May 2009 Travel Zambia 37 Lodge life Nick Aslin ( NORMAN CARR SAFARIS) Originally from the UK, was based at Kapani Lodge, South Luangwa, for 16 years. Now lives in Lusaka, but returns to the bush often. Early Inspirations: The legendary Norman Carr: his empathy for the bush was quite infectious. Likes: The changing of the seasons. Dislikes: Guests who are more interested in seeing what they thought they were going to see, rather than enjoying the new and unexpected things that the African bush throws at you every minute, however small or seemingly insignifi cant. Top tip: Always investigate the alarm calls of squirrels: it's a noise you'll hear frequently and could easily overlook. Could be a warning of a leopard or something less menacing; either way, it's always worth stopping to check. Still to see: A pangolin would be nice, but I never tire of the same stuff again and again; no two days in the bush are ever the same. Zebron Chirwa ( ROBIN POPE SAFARIS) Has worked in South Luangwa for 14 years: the last eight at Robin Pope Safaris, and previously with Star of Africa, Mfuwe Lodge and Wildlife Camp. Early Inspirations: I once worked for National Parks as an enumerator under Monitoring and Evaluation, which meant going out into the bush regularly. It was easy to become a guide, as the interest for the wild just grew. Likes: Walking in the bush with clients who want to learn more about it. Dislikes: Guiding clients who are demanding and claim to know everything. Top tip: A drag mark across the road, which could mean a leopard or lion kill in the nearby bush. Still to see: Any species that don't occur in South Luangwa - but I'm still happy with what we have here. Leonard Kalio ( BAINES' RIVER CAMP) Started in 1991 with Sobek Safaris as a canoe and white water rafting guide, and progressed to managing the Sobek Canoeing company. Also trained with the Field Guides Associations of Southern Africa. Now working at Baines' River Camp as head guide and as examiner for the Lower Zambezi Safari Guides examinations. Early Inspirations: Growing up in the local villages, plus meeting Shawn Diggib who introduced me to the world of nature guiding. Likes: Meeting new people and making friends. Canoeing the beautiful channels of the Zambezi River. Dislikes: It breaks my heart to see the carcasses of innocent elephants that have lost their lives to sheer human greed. Top tip: While in the wild, all your senses must be sharp. In unexpected circumstances never panic, never run and always listen to your guide. Still to see: Mating porcupines. Becoming a safari guide in Zambia takes years of hard work and study. There are two levels of guiding: Grade Two, which qualifi es guides to take guests out in a vehicle, and Grade One, which is a step up for those who wish to be walking guides. Successful trainees must demonstrate not only that they know everything about the bush, but also that they can ensure the safety of their guests at all times. The guiding exams, traditionally held in May, last for two days, and include written papers on everything from history, geology and ecology to fi rst aid, safety ( including fi rearms training) and mechanics. They also include a demanding practical exam, during which senior guides act as the guests. Only the very best are awarded a coveted guide's licence. MAKING THE GRADE Safari guiding has traditionally been a job for the boys. But times are changing. Rose Jere, the fi rst Zambian woman to qualify as a guide, has blazed a trail for a new generation of female guides. Brought up in the Luangwa Valley, Rose fi rst became a mechanic before she set her sights on guiding. Working at Kapani Lodge, she passed her Grade Two exams with fl ying colours ( including a perfect 100% in her mechanics paper). " I wanted to be in the bush just like the men did," says Rose. " Someone had to change the statistics and of course I had to be the one." Her achievements have already proved an inspiration to other young women - such as Stephanie Phiri ( pictured), who describes herself as Rose's protégé and is studying for the exams. Meanwhile the experienced Debs Tittle, who leads walking safaris for Robin Pope Safaris, has taken things a step further and spends her off- season training new guides. A WOMAN'S PLACE? ANNA DEVEREUX BAKER MIKE UNWIN NORRMAN CARR SAFARIS ANNA DEVEREUX BAKER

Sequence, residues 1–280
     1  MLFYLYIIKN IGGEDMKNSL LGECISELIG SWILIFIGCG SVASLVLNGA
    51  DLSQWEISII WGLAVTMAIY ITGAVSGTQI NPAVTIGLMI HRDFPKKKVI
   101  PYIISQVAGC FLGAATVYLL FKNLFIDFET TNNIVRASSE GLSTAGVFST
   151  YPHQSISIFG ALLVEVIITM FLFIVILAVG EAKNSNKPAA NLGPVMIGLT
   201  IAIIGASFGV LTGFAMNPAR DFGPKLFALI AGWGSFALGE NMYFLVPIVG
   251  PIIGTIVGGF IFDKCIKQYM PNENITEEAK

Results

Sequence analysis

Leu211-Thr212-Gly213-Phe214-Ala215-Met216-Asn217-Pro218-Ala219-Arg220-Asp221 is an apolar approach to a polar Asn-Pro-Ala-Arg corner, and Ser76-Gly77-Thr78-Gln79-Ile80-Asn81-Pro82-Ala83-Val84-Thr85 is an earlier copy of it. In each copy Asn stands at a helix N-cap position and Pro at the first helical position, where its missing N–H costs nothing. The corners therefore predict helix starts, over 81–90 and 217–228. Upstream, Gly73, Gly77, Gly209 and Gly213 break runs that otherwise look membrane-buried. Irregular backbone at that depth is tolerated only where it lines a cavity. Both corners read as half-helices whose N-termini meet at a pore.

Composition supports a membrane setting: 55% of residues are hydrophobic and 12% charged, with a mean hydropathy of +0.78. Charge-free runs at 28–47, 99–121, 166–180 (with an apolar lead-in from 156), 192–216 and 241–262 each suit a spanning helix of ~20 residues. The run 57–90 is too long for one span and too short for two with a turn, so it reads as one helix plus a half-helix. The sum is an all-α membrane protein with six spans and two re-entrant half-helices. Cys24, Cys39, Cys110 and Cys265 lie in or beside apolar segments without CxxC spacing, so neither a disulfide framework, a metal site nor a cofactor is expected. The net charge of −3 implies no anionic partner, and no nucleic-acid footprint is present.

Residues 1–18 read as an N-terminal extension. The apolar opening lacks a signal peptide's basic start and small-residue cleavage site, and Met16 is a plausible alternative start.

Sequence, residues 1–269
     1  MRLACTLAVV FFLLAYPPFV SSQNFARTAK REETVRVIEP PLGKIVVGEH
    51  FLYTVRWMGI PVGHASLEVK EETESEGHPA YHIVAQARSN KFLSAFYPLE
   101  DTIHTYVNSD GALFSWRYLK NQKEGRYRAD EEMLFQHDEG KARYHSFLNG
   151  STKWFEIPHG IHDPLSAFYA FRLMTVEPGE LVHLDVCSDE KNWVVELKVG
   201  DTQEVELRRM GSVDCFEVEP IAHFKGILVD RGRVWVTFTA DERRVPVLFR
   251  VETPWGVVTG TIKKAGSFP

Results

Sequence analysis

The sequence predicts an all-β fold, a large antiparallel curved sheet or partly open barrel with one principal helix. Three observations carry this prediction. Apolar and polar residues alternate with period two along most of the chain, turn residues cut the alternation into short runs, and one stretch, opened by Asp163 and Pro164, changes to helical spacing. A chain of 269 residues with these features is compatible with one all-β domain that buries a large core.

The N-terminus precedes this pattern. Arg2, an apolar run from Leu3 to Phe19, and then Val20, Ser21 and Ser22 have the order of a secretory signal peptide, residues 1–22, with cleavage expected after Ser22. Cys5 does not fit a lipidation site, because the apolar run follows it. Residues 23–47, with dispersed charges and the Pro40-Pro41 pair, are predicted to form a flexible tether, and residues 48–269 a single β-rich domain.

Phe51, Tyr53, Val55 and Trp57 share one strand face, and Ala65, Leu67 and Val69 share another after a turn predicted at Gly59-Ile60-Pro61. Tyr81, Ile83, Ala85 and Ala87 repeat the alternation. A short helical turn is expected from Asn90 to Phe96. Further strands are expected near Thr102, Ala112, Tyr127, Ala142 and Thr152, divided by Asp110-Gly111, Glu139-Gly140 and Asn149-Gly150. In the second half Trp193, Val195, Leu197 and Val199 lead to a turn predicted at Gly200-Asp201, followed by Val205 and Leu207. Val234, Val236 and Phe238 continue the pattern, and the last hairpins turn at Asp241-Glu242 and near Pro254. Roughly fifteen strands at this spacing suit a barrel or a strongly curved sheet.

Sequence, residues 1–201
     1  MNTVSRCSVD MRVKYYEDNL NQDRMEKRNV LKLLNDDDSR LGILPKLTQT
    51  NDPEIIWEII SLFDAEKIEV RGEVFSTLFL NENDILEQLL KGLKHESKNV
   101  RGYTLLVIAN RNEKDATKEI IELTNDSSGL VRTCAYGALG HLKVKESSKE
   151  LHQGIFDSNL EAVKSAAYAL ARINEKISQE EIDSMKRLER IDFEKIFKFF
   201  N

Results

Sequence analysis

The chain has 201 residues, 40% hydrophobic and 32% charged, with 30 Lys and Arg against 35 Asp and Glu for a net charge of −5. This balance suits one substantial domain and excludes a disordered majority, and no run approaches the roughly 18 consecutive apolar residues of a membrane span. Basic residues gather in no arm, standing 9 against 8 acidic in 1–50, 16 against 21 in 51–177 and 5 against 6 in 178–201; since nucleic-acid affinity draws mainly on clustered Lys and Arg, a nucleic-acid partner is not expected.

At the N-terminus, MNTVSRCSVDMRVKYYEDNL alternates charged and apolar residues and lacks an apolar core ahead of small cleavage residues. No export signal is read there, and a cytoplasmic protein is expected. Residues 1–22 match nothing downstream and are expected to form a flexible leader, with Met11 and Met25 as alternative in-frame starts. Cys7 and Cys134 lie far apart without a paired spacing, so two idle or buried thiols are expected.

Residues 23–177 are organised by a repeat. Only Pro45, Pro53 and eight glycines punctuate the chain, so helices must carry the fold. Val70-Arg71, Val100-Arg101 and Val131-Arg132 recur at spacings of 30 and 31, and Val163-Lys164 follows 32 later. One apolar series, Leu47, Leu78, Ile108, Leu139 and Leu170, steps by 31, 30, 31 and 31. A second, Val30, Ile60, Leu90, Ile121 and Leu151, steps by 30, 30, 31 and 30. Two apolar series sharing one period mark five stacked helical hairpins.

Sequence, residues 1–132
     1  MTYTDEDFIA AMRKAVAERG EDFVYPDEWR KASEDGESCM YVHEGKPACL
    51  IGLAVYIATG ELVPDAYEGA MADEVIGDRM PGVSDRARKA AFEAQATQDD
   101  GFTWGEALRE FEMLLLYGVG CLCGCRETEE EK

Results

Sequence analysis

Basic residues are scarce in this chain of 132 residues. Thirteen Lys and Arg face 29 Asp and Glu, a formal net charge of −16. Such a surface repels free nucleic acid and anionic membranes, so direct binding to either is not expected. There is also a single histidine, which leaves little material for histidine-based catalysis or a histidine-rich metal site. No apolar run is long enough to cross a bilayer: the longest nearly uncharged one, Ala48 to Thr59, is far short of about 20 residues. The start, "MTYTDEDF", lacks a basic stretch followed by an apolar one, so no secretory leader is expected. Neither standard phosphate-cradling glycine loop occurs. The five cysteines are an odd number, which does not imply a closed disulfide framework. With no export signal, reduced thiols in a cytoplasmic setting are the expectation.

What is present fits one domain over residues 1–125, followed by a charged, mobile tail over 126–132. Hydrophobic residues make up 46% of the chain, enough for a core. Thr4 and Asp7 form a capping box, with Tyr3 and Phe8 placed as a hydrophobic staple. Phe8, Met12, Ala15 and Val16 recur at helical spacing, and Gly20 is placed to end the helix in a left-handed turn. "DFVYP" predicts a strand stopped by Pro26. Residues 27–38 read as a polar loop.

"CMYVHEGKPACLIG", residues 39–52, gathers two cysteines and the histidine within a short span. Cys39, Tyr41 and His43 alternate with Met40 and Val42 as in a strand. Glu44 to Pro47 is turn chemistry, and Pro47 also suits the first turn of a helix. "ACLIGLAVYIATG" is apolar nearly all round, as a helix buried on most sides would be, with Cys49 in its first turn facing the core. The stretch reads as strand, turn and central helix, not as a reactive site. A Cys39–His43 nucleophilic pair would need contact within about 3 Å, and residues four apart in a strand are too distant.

38 Travel Zambia May 2009 Quick on the draw Click! Snap! Move on. Such is the safari routine for many, as they dash around the bush bagging the requisite images of wildlife to impress the folks back home. But how much more rewarding might it be to stop still and just look? There's no better way to do that than with pencil in hand, explains Mary- Anne Bartlett, founder and leader of Art Safari. I always knew that if I was going to spend my life painting I should choose a subject that fascinated me, took me into the great outdoors, gave me plenty of physical exercise and brought me into contact with fun people. But I never imagined that I'd end up leading such incredible artistic journeys. Zambia was a natural place to start: the fulfilment of a childhood dream, during which words such as ' Zambezi' and ' Livingstone' had evoked my almost mythical great- great-grandfather, Sir John Kirk, who had journeyed alongside Dr David Livingstone as expedition doctor and botanist during the Zambezi Expedition 1858- 63. I knew I had to grab the first opportunity to visit the places he'd seen. Both Kirk and Livingstone made lively sketches long before photography changed the way in which we recorded images. I found these fascinating and, inspired to do the same, soon discovered that a simple sketch can capture an incredibly intense period of time. When drawing a slumbering lion, for example, I saw his quivering whiskers and heard his grunts and snores as never before. This concentration of observation and memory, I found, heightened the sense of presence, and was much more powerful than the split- second exhilaration of a camera shutter. To sketch from life is to be alert and aware, with all your senses tingling. At the same time, it brings out your inner naturalist: learning, observing and recording as much information as possible. Finding my fulfilment in this way led me to set up Art Safari, and I now lead groups of both beginners and professional artists to Zambia and other countries to learn about wildlife through art. My task is as much about teaching them how to look and observe as how to paint and draw. The safaris are paced more Above: Adding a splash of colour, African style. Opposite below ( left to right): Working up the sketches back at camp; discussing technique with the expert; show- and- tell in the local village.